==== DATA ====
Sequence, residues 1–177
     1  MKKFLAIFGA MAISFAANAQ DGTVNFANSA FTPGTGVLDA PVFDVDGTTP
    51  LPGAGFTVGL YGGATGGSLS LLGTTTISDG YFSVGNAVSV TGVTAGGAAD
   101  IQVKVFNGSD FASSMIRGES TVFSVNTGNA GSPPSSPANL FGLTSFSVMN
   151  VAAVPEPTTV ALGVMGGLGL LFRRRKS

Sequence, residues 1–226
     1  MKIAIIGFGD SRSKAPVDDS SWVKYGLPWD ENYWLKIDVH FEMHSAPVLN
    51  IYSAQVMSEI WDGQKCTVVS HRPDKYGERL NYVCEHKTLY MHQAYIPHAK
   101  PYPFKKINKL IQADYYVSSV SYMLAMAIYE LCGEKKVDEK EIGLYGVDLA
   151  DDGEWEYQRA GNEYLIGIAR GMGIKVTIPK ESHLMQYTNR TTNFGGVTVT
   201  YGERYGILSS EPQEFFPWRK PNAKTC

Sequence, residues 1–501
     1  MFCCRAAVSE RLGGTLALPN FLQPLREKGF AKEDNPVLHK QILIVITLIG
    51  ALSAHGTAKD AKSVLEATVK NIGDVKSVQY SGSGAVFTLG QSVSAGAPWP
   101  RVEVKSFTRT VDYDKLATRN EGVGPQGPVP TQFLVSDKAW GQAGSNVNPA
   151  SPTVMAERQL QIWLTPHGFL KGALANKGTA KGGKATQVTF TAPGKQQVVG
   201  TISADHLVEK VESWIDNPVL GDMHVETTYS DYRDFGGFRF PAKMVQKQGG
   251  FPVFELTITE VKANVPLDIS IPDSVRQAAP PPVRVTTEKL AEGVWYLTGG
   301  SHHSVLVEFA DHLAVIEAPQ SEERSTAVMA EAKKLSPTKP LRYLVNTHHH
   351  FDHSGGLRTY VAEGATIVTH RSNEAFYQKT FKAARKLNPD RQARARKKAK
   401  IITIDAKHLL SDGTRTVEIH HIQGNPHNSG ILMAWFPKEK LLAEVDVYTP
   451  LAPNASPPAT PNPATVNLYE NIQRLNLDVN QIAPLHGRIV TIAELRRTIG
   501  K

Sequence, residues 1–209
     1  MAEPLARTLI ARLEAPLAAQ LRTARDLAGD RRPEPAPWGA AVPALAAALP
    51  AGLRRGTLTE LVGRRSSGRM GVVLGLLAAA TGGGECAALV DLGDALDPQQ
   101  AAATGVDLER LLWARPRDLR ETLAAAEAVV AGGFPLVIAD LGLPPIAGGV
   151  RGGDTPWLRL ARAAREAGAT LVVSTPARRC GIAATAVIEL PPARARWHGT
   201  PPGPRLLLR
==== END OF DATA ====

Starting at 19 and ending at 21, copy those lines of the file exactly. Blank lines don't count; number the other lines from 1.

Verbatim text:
   301  SHHSVLVEFA DHLAVIEAPQ SEERSTAVMA EAKKLSPTKP LRYLVNTHHH
   351  FDHSGGLRTY VAEGATIVTH RSNEAFYQKT FKAARKLNPD RQARARKKAK
   401  IITIDAKHLL SDGTRTVEIH HIQGNPHNSG ILMAWFPKEK LLAEVDVYTP